Best Picture Winners By Genre
Out of the past 77 Best Picture winners, from Wings at the first ceremony in 1929 to Million Dollar Baby last year, the majority have been dramas, accounting for 28 of the statuettes.
The second most popular genre is the biopic – especially in 1936-8 when three won in a row: Mutiny On The Bounty, The Great Ziegfeld and The Life of Emile Zola – with 12 wins, followed by epics, 10 of which have won since Gone With The Wind in 1940. Musicals and comedies are tied with eight wins apiece – while Chicago might have signalled a resurgence for musicals, no comedies have won since Annie Hall in 1978 – followed by five wins for outright war films, three for thrillers and a measly two for Westerns. The Lord of the Rings: The Return of the King was the first fantasy film to win Best Picture.
Fourteen films have used war as the backdrop for action, with a colossal nine Best Pictures set during or around World War Two (the first being Mrs Miniver, which won in 1943, and the most recent The English Patient, in 1997), three during World War One (including first winner Wings and Lawrence Of Arabia in 1963) and two during the American Civil War.
The most popular setting of all is present-day New York, with 11 wins to its credit from The Broadway Melody back in 1930 to Kramer Vs Kramer in 1980. Winning films also go all the way back in time to Jerusalem in 1AD for 1960 winner Ben-Hur, but most are set within the past 100 years.
In terms of source material, don’t waste time on that original screenplay – 39 winners have been adapted from novels, a further 13 from plays, pre-existing musicals or teleplays and four from short stories, articles and ‘writings’, with only 21 nods for originally scripted Best Pictures.
Winners of Best Picture range from the budget-breaking Titanic at $200 million to the relatively inexpensive American Beauty at $15 million, but the real cost of an Oscar can lie in the marketing campaigns. Miramax were accused of having ‘bought’ the Best Picture statuette for Shakespeare In Love in 1999 with a total Oscar marketing campaign estimated at $15 million (when combined with the Life Is Beautiful spend, which also brought them awards for Best Actor, Best Foreign Language Film and Best Music).
While the Academy now strictly prohibits any activities that could be seen to influence their voting members – after Miramax took out a full-page ad purporting to be written independently by former Academy president and two-times Best Director winner Robert Wise, in praise of Gangs Of New York – there’s little they can do about advertising, TV specials or influencing voters of other awards.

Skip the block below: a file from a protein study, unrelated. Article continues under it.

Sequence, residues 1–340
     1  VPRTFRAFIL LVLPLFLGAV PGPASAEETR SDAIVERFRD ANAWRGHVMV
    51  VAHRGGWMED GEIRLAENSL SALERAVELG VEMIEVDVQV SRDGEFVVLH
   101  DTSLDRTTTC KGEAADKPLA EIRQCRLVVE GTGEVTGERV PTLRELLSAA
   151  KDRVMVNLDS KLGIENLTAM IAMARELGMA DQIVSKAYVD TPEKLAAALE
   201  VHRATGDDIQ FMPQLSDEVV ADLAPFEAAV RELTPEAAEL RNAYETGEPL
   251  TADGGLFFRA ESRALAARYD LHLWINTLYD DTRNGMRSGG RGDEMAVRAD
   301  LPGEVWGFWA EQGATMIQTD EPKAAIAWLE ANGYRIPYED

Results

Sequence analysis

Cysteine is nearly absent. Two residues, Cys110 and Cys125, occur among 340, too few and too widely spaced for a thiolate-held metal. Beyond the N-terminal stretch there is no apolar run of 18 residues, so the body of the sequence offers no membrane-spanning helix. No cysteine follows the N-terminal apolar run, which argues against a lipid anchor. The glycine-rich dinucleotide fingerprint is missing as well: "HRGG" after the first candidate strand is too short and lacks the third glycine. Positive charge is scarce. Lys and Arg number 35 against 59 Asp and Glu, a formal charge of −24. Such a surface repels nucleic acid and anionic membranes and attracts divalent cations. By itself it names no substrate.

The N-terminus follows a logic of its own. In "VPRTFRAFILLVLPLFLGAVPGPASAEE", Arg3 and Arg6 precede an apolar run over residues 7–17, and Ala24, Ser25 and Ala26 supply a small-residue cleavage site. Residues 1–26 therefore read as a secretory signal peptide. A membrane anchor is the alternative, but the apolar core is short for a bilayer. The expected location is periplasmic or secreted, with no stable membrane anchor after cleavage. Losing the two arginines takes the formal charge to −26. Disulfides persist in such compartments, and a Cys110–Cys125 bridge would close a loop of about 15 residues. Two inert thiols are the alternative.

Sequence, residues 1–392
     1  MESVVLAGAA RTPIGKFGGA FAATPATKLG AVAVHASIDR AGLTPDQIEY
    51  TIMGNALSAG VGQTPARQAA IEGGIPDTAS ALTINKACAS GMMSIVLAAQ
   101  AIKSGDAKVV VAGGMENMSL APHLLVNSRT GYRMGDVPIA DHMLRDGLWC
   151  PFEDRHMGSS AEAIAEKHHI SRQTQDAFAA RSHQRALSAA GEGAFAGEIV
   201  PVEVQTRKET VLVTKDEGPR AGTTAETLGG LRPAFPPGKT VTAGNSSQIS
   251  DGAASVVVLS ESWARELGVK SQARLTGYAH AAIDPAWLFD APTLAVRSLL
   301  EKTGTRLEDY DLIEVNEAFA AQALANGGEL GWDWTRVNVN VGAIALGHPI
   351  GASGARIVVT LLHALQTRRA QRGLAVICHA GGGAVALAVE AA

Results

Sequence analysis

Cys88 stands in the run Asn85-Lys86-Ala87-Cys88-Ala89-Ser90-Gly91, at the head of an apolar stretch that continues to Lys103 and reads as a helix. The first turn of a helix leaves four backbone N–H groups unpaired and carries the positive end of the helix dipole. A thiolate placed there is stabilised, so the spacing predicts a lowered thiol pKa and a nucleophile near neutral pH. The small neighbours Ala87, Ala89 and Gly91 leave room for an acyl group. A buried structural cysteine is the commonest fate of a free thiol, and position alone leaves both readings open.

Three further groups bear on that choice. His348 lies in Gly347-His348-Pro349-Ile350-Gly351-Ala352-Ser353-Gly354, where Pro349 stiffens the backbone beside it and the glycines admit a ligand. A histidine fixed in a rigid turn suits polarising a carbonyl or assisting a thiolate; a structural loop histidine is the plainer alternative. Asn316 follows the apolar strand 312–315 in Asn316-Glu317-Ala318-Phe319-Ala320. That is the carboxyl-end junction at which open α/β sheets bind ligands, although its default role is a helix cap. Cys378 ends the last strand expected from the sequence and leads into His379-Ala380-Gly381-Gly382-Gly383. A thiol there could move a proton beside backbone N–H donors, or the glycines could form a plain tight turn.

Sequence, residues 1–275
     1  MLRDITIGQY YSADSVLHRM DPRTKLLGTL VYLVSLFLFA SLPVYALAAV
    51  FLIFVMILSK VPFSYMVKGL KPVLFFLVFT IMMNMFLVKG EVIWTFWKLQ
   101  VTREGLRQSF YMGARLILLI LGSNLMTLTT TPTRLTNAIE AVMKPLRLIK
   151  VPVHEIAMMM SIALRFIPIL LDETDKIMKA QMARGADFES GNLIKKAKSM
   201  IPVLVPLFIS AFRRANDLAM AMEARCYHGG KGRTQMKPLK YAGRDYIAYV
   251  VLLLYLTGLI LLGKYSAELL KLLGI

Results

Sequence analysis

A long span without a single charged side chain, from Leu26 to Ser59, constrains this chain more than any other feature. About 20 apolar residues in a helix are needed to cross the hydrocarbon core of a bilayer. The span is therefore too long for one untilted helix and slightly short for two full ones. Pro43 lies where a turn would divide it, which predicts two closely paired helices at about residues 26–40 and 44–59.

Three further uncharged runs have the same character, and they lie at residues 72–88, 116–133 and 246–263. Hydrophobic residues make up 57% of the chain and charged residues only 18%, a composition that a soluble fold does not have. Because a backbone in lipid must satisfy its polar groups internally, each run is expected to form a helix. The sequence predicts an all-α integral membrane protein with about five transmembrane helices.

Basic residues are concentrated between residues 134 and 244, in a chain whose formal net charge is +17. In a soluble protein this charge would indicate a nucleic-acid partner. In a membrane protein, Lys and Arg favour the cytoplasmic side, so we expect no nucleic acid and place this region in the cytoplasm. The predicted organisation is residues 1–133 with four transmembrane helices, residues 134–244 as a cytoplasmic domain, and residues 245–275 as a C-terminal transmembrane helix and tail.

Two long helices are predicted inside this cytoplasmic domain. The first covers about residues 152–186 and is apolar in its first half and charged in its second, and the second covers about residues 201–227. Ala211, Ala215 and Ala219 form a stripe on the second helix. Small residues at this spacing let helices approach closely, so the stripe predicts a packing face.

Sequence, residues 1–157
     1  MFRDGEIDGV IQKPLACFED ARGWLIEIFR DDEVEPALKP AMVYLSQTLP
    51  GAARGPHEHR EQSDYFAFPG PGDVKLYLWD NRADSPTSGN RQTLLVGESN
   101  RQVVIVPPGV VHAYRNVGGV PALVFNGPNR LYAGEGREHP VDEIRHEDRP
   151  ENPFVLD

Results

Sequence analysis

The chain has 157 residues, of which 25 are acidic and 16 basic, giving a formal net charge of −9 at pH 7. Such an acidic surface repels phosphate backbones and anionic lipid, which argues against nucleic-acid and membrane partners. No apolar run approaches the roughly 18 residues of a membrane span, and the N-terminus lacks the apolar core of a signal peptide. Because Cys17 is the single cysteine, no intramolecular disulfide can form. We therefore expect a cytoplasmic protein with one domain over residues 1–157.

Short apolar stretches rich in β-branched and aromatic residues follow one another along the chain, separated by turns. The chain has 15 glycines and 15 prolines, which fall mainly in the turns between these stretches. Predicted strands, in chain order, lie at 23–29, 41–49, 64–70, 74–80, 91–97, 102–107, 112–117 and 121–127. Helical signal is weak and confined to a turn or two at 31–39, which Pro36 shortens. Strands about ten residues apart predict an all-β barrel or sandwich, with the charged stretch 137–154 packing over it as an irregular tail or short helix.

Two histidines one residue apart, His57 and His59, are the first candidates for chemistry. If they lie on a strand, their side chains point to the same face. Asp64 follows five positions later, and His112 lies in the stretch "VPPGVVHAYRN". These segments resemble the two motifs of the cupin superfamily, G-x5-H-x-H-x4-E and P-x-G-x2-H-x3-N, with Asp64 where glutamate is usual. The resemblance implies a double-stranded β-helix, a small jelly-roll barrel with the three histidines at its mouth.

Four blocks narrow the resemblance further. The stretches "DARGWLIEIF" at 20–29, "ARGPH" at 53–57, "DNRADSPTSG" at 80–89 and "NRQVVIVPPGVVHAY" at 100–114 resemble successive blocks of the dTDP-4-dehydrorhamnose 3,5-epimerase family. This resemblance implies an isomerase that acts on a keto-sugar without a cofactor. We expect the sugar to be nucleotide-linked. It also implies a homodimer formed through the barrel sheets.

In addition to blanket print and TV advertising in regions home to a significant number of voters, Making Of shows are routinely produced to plug eligible releases on the small screen – studios will pay $5-6,000 per half for them to be scheduled on local terrestrial and satellite channels.
Although the Academy never names its members, many will be invited to secret screenings and launches in exotic locations in order to best enjoy the films under consideration while, infamously, the Hollywood Foreign Press Association – who vote for the Golden Globes – are lavished with expensive promotional treats from studios and even hopeful stars. Significantly, their decisions are often indicative of and therefore perhaps influential towards the Academy’s.
On top of that, figure in the costs for the stars of the films – many of whom will have already been paid several million for their acting services – to be taken on promotional junkets around the world and to preliminary awards ceremonies. Designer dresses and tuxedos might come free for big names, but stylists and hair and make-up artists can charge $5,000 daily, while private jets start at $50,000.
Miramax judged the market well in 1998, as DreamWorks did in 2001 when its $20-million campaign ensured the statuette went to Gladiator – but not all big spends result in big business on the night. Universal spent untold millions promoting Seabiscuit, which garnered seven nominations, yet it galloped away with zilch.
For the 1961 ceremony, John Wayne spent a chunk of his own personal fortune on promoting The Alamo to the Academy as “enduring screen literature”, “The George Washington of films” and “the most important motion picture ever made.” It, too, attracted seven nominations, but only won Best Sound.
Many films that never won Best Picture are more fondly remembered than those that did, so is winning an Oscar really worth it? In cold, hard cash terms – the only language Hollywood understands – the answer’s yes.
“A successful awards season can mean the difference between a movie grossing $5 million and grossing $20 million,” says Miramax’s co-founder Harvey Weinstein.
Even a mere nomination – especially in the top five categories – raises enough publicity to significantly increase ticket sales. Studies estimate that winning Best Picture can add upwards of $15 million to a movie, either at the box office or in subsequent DVD and video sales, while nods for its stars can bring in another $5 million. Winning actors’ salaries rocket after wins, whether the roles improve or not. Kudos to the studios is, of course, priceless...